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Intel Xeon Phi Coprocessor Architecture

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High performance systems now typically a host processor and a coprocessor. The role of the coprocessor is to provide the developer and the user the ability to significantly speed up simulations if the algorithm that is used can run with a high degree of parallelization and can take advantage of an SIMD architecture. The Intel Xeon Phi coprocessor is an example of a coprocessor that is used in many HPC systems today.

While main CPUs have been increasing the core counts in recent years, currently in mid-2016 topping out at 22 cores, the Intel Xeon Phi coprocessor contains over 60 cores, although somewhat less powerful. While both evolutionary and revolutionary, the Intel Xeon Phi coprocessor give developers the ability to write code as they would on a host CPU, but take advantage of the large number of cores and the SIMD architecture. It is important when developing new applications to think like the coprocessor is designed in order to be able to take advantage of the large numbers of cores.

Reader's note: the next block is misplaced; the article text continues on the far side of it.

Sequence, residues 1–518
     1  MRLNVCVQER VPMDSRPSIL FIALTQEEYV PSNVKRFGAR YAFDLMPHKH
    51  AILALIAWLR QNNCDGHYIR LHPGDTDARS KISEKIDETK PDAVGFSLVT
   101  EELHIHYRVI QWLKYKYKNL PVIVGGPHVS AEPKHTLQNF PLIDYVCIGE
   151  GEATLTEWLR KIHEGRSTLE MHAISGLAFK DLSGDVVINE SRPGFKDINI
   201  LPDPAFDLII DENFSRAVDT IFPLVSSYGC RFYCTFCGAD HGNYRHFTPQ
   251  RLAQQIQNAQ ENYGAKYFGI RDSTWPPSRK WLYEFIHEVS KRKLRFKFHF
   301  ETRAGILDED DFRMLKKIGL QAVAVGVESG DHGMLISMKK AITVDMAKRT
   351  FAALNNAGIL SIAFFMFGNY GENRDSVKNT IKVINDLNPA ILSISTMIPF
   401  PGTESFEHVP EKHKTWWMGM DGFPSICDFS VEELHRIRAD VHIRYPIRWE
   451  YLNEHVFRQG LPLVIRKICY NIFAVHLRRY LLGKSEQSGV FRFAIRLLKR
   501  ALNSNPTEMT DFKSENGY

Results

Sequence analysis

A modern server contains both the host CPUs and the Intel Xeon Phi coprocessor which is attached to the PCI Express bus interface. The Intel Xeon Phi coprocessor comprises up to sixty-one cores that execute the Intel Architecture (IA) instructions. On the die is a bidirectional interconnect. Each of the cores consist of a 512-bit wide vector processing unit with an extended math unit. An important aspect of the coprocessor design is that data in memory be accessible in the fastest possible manner. The Intel Xeon Phi coprocessor utilizes GDDR5 memory. The coprocessor contains up to eight memory channels which support two GDDR5 memory channels each. This leads to very high performance and less waiting for data to be delivered to each core when needed.

It is important the software developers understand some aspects of hardware design in order to develop efficient and optimized applications.

Source:  Intel, USA

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